Hargus Robbins, pianist on country music hits, dies at 84
NASHVILLE — Hargus “Pig” Robbins, one of country music’s most prolific session pianists and a key contributor to Bob Dylan’s seminal 1966 album, “Blonde on Blonde,” died Sunday. He was 84 years old.
His death was announced on the Country Music Hall of Fame and Museum website. He did not say where he died or specify the cause.
A longtime member of Nashville’s so-called A-Team of first-call studio musicians, Mr. Robbins appeared on thousands of popular recordings made here between the late 1950s and mid-2010s.
Many became No. 1 country singles, including Hank Snow’s “I’ve Been Everywhere” (1962), Loretta Lynn’s “Don’t Come Home A-Drinkin’ (With Lovin’ on Your Mind)” (1966) and “Dolly Parton” by Dolly Parton. I will always love you” (1974). Several also crossed paths to become major pop hits, including Patsy Cline’s “I Fall to Pieces” (1961) and Kenny Rogers’ “The Gambler” (1978).
An instinctive melodist who favored understatement over flash, Mr. Robbins helped make the piano an integral part of the smooth, clean sound of 1960s Nashville. He was also one of the main reasons why folk and rock artists as Joan Baez and Mr. Dylan began traveling to Nashville to adopt the impromptu approach to recording popularized here.
Former Kingston Trio member John Stewart called it “the first Hargus Robbins take” when, on the closing track of Mr. Stewart’s acclaimed 1969 album, “California Bloodlines”, he listed the Nashville session musicians who appeared there. Mr. Stewart recognized Mr. Robbins’ talent for playing musical passages perfectly the first time.
Mr. Robbins’ influence was perhaps most pronounced when the Nashville Sound evolved into the more soulful “countrypolitan” style heard on records like George Jones’ 1980 hit single ‘He Stopped Loving’. Her Today”.
Mr. Robbins’ catchy, jazz-tinged intros to Charlie Rich’s “Behind Closed Doors” (1973) and Crystal Gayle’s “Don’t It Make My Brown Eyes Blue” (1977) have become enduring expressions of Southern musical vernacular of their time. Both records were No. 1 country and pop crossover singles.
“Of all the musicians in my sessions, he was the greatest,” producer and A-Team guitarist Jerry Kennedy said of Mr. Robbins during an exhibit at the Country Music Hall of Fame.
“He’s been a backbone for Nashville,” added Mr. Kennedy, who has worked with Mr. Robbins on hits by Roger Miller and Jerry Lee Lewis, and on “Blonde on Blonde.”
Mr. Robbins acquired his distinctive nickname, Pig, while attending the Tennessee School for the Blind in Nashville as a boy.
“I had a supervisor who called me that because I used to sneak out a fire escape and play when I wasn’t supposed to and get dirty like a pig,” said Mr. Robbins in an interview quoted in the Encyclopedia. country music.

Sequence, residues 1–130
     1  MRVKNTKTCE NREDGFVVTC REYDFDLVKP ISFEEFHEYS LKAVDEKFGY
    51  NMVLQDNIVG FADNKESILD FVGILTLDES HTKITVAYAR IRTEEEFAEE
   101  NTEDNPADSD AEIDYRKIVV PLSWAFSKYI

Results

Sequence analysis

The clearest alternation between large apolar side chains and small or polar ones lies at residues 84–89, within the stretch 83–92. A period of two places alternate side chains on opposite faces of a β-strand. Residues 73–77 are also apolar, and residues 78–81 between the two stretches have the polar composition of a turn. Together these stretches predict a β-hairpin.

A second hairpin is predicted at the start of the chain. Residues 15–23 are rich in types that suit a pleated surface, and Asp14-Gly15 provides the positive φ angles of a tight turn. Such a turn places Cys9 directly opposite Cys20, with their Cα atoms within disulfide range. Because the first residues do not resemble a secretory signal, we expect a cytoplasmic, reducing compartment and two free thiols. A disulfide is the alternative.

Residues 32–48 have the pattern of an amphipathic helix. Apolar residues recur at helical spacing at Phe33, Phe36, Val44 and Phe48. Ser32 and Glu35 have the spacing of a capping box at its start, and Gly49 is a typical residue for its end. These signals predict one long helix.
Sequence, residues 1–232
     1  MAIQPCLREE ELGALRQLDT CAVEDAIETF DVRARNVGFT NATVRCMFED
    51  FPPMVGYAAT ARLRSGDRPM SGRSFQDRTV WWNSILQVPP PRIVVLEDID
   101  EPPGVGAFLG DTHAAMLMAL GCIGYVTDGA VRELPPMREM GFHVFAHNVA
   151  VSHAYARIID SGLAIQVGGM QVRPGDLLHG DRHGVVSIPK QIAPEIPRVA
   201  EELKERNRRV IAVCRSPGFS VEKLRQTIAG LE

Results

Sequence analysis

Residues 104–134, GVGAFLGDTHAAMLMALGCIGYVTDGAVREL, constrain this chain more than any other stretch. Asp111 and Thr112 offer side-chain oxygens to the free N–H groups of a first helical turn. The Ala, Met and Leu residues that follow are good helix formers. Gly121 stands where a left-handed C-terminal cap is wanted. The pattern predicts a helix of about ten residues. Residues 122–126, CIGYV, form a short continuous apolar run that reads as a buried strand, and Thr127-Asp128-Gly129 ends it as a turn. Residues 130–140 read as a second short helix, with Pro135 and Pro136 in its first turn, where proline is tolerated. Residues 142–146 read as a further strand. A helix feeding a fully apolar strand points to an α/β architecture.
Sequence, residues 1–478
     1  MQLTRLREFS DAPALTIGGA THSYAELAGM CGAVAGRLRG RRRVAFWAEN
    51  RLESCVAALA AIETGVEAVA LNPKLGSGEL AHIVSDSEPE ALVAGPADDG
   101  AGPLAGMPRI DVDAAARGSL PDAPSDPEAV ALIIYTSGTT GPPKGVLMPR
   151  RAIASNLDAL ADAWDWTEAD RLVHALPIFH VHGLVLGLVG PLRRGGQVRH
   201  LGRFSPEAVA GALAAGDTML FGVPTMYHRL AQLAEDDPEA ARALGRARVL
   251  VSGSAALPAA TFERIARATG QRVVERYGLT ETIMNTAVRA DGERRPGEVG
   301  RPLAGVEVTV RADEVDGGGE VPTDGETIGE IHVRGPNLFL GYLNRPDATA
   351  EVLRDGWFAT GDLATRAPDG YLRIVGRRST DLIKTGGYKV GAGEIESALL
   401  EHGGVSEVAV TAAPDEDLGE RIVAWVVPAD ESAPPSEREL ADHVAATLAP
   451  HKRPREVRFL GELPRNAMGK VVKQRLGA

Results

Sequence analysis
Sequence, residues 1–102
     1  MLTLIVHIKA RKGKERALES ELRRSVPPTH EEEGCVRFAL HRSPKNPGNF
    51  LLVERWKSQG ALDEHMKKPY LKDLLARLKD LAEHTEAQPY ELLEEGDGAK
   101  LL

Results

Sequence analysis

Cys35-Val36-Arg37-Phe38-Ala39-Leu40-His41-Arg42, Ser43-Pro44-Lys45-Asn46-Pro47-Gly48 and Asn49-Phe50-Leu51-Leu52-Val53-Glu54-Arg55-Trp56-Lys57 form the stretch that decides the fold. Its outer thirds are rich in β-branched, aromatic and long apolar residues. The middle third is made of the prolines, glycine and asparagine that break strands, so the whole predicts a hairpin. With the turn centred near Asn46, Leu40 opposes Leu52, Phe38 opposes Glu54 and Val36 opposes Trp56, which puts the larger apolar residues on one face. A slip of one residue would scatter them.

He lost vision in one of his eyes when he was 3 years old, after accidentally poking his eye with a knife. The injured eye was eventually removed and Mr Robbins also lost sight in his other eye.
In school for the blind, he studied classical music, but he also played jazz, honky-tonk, and barrel blues.
Mr. Robbins’ varied tastes served him well, equipping him to work on soulful recordings like Clyde McPhatter’s 1962 pop hit “Lover Please” (where he was inscrutably credited as Mel “Pigue” Robbins), and “Anna (Go to Him)”, a 1962 Top 10 R&B single covered by the Beatles.
Having had the chance to stretch stylistically on “Blonde on Blonde,” Mr. Robbins performed with raucous abandon on “Rainy Day Women #12 & 35,” the woozy, carnivalesque pop hit No. 2 hooked by the tagline “ Everyone has to get high.” He used tender lyricism, by contrast, on elegiac ballads like “Just Like a Woman” and “Sad Eyed Lady of the Lowlands.”
Hargus Melvin Robbins was born on January 18, 1938 in Spring City, Tennessee.
His first big break came in 1959 when music publisher Buddy Killen secured him an invitation to perform on Mr. Jones’ “White Lightning.” Boosted by Mr. Robbins’ playful boogie-woogie piano, the record became a No. 1 country single.
Another opportunity arose two years later, when producer Owen Bradley, needing someone to replace A-Team pianist Floyd Cramer, hired Mr. Robbins to play on the session of “I Fall to Pieces ” by Mrs. Cline. Mr. Cramer soon embarked on a solo career, creating an opening for Mr. Robbins in the A team.
Mr. Robbins flirted with a solo career in the 1950s, recording rockabilly originals under the name Mel Robbins. “Save It”, an obscure 1959 single, was covered by garage-punks The Cramps on their 1983 album, “Off the Bone”.
One of Mr. Robbins’ instrumental albums, “Country Instrumentalist of the Year,” won a Grammy Award for Best Country Instrumental Performance in 1978.
Working as a session musician was nonetheless his profession, as memorably evidenced in a scene from Robert Altman’s 1971 film “Nashville.” In Mr. Robbins’ place, the narcissistic country singer played by Henry Gibson shouts, “When I ask for Pig, I want Pig!”
Mr. Robbins was named Country Instrumentalist of the Year by the Country Music Association in 1976 and 2000. Even after being inducted into the Country Music Hall of Fame in 2012, he continued – then in his 70s – to work in the studio with the latter-day hitmakers like Miranda Lambert and Sturgill Simpson.
Information about survivors was not immediately available.
Losing his sight may or may not have helped Mr. Robbins cultivate a heightened musical sensitivity. His playing, in any case, reveals a willingness to listen and to imagine which makes him respond to his collaborators with a singular depth of feeling.
“Pig Robbins is the best session man I’ve ever known,” fellow A-team member Charlie McCoy said at a reception held in Mr. Robbins’ honor at the Country Music Hall of Famous. “Every time Pig is on a session, everyone plays better.”
“If you want to be a good player,” Mr. Robbins said at the event, “you have to find something that will complement the song and the singer.”